Terbutaline pump maintenance therapy after threatened preterm labor for preventing preterm birth

This review has been updated by a new team. The new review title is:
Chawanpaiboon S, Laopaiboon M, Lumbiganon P, Sangkomkamhang US, Dowswell T. Terbutaline pump maintenance therapy after threatened preterm labour for reducing adverse neonatal outcomes. Cochrane Database of Systematic Reviews 2014, Issue 3. Art. No.: CD010800. DOI: 10.1002/14651858.CD010800.pub2.

Terbutaline pumps may not be able to prevent a woman who had preterm labor stopped with drugs going back into labor too soon.

Women who go into very early labor (before 34 weeks) and have their contractions stopped by intravenous drugs are at high risk of going back into preterm labor. Terbutaline is a drug that can relax the uterus and possibly stop contractions. Taken orally, though, it does not seem to prevent contractions returning. Another option is to use a small portable pump that feeds a continuous dose of terbutaline under the skin. The review found there are not enough large trials to show whether this is safe or effective. Some evidence suggests that terbutaline by pump does not prevent the return of preterm labor.

Authors' conclusions: 

Terbutaline pump maintenance therapy has not been shown to decrease the risk of preterm birth by prolonging pregnancy. Furthermore, the lack of information on the safety of the therapy, as well as its substantial expense, argues against its role in the management of arrested preterm labor. Future use should only be in the context of well-conducted, adequately powered randomized controlled trials.

[Note: The two citations in the awaiting classification section of the review may alter the conclusions of the review once assessed.]

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Background:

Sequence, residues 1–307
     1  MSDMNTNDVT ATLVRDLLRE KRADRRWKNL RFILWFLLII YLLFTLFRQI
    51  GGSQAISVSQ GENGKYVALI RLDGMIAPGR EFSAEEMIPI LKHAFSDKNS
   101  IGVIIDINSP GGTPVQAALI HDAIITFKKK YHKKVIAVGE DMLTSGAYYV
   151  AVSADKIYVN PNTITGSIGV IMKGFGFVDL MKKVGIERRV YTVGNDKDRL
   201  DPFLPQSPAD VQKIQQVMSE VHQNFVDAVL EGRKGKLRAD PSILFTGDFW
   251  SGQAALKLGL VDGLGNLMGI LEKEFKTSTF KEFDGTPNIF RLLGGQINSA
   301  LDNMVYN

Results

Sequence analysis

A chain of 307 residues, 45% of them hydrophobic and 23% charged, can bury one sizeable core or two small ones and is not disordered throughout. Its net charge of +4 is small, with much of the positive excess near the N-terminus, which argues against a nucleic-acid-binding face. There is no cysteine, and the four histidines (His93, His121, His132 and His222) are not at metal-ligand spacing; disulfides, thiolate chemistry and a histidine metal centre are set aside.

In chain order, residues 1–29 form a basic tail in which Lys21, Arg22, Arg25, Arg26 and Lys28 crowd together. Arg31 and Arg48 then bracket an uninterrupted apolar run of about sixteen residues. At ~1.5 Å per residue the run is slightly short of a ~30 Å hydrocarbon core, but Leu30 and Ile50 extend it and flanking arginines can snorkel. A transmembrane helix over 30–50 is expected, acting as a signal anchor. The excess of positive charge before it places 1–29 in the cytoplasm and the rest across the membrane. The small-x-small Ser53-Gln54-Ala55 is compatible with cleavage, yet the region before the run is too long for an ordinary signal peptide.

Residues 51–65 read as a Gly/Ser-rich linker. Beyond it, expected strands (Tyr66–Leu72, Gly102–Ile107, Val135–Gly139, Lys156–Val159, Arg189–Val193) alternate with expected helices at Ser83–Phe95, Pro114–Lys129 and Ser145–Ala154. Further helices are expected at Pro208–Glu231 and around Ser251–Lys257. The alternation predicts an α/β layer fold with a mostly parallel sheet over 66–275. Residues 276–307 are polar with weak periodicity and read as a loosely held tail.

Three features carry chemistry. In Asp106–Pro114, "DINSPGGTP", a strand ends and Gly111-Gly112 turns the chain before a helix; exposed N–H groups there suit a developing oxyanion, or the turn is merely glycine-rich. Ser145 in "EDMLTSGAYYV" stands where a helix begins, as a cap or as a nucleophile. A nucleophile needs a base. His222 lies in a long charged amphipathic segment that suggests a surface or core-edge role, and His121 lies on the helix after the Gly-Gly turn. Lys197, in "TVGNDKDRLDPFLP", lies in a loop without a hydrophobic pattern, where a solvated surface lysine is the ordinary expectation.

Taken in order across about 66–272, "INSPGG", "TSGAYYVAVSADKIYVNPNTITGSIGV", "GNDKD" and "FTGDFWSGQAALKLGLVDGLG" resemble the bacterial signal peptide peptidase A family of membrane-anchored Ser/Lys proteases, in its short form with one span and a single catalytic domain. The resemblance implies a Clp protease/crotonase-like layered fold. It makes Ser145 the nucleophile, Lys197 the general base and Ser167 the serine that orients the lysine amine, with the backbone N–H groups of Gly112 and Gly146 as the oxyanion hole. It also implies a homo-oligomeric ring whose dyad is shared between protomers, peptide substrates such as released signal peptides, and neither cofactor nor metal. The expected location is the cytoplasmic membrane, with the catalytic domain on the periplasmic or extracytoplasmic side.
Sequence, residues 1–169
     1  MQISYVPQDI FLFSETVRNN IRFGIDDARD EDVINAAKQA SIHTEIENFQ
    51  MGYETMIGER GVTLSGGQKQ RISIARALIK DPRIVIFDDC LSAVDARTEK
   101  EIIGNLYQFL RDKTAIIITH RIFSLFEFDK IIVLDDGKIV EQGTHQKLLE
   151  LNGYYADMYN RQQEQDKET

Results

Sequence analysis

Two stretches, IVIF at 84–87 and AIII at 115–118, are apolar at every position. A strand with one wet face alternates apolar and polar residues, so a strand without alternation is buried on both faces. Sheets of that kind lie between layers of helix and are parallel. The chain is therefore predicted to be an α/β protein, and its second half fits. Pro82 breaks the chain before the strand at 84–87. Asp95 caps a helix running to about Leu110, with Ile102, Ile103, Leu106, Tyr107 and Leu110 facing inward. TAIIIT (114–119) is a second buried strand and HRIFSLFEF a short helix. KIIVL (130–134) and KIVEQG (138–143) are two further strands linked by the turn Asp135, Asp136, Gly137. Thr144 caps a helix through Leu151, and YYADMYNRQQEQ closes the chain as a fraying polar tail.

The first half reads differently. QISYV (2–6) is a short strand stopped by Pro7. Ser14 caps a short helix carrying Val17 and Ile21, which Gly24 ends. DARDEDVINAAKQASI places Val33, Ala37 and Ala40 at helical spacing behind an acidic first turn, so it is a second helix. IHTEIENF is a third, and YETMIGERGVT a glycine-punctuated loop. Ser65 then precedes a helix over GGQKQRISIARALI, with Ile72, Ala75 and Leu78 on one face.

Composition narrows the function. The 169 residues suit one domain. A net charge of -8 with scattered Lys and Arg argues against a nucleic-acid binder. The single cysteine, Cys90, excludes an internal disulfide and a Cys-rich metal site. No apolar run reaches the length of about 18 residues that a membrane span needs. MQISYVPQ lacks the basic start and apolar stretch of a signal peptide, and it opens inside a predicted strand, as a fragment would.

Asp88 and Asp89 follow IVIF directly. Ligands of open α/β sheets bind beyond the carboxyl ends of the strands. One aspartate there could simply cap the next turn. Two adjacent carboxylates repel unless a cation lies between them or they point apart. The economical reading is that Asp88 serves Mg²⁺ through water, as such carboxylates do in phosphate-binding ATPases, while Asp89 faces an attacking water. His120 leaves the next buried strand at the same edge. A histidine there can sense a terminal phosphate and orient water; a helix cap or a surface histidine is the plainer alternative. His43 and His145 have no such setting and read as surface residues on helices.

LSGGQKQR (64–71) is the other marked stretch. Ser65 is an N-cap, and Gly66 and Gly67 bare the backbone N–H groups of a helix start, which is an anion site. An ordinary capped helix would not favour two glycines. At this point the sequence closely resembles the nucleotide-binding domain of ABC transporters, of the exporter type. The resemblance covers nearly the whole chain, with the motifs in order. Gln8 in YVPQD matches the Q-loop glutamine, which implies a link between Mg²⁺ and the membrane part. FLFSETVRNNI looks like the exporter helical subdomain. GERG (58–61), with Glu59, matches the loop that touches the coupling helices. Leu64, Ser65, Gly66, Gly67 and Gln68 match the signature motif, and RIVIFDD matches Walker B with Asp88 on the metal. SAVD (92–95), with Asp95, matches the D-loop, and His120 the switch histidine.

This review has been updated by a new team. The new review title is:
Chawanpaiboon S, Laopaiboon M, Lumbiganon P, Sangkomkamhang US, Dowswell T. Terbutaline pump maintenance therapy after threatened preterm labour for reducing adverse neonatal outcomes. Cochrane Database of Systematic Reviews 2014, Issue 3. Art. No.: CD010800. DOI: 10.1002/14651858.CD010800.pub2.

Women with preterm labor that is arrested with tocolytic therapy are at increased risk of recurrent preterm labor. Terbutaline pump maintenance therapy has been given to such women to decrease the risk of recurrent preterm labor, preterm birth, and its consequences.

Objectives: 

To determine the effectiveness and safety of terbutaline pump maintenance therapy after threatened preterm labor in preventing preterm birth and its complications.

Search strategy: 

We searched the Cochrane Pregnancy and Childbirth Group's Trials Register (30 April 2007). We updated the search in January 2010 and added the results to the awaiting classification section.

Selection criteria: 

Randomized trials comparing terbutaline pump maintenance therapy with alternative therapy, placebo, or no therapy after threatened preterm labor.

Data collection and analysis: 

Two review authors independently assessed the studies for inclusion and then extracted data from eligible studies.

Main results: 

We included two studies. Terbutaline pump maintenance therapy did not appear to offer any advantages over the saline placebo pump or oral terbutaline maintenance therapy in preventing preterm births by prolonging pregnancy or its complications among women with arrested preterm labor. The weighted mean difference (WMD) for gestational age at birth was -0.14 weeks (95% confidence interval (CI) -1.66 to 1.38) for terbutaline pump therapy compared with saline placebo pump for both trials combined and 1.40 weeks (95% CI -1.13 to 3.93) for terbutaline pump versus oral terbutaline therapy for the first trial. The second trial reported a relative risk (RR) of 1.17 (95% CI 0.79 to 1.73) of preterm birth (less than 37 completed weeks) and a RR of 0.97 (95% CI 0.51 to 1.84) of very preterm birth (less than 34 completed weeks) for terbutaline pump compared with saline placebo pump. Terbutaline pump therapy also did not result in a higher rate of therapy continuation or a lower rate of infant complications. No data were reported on long-term infant outcomes, costs, or maternal assessment of therapy.

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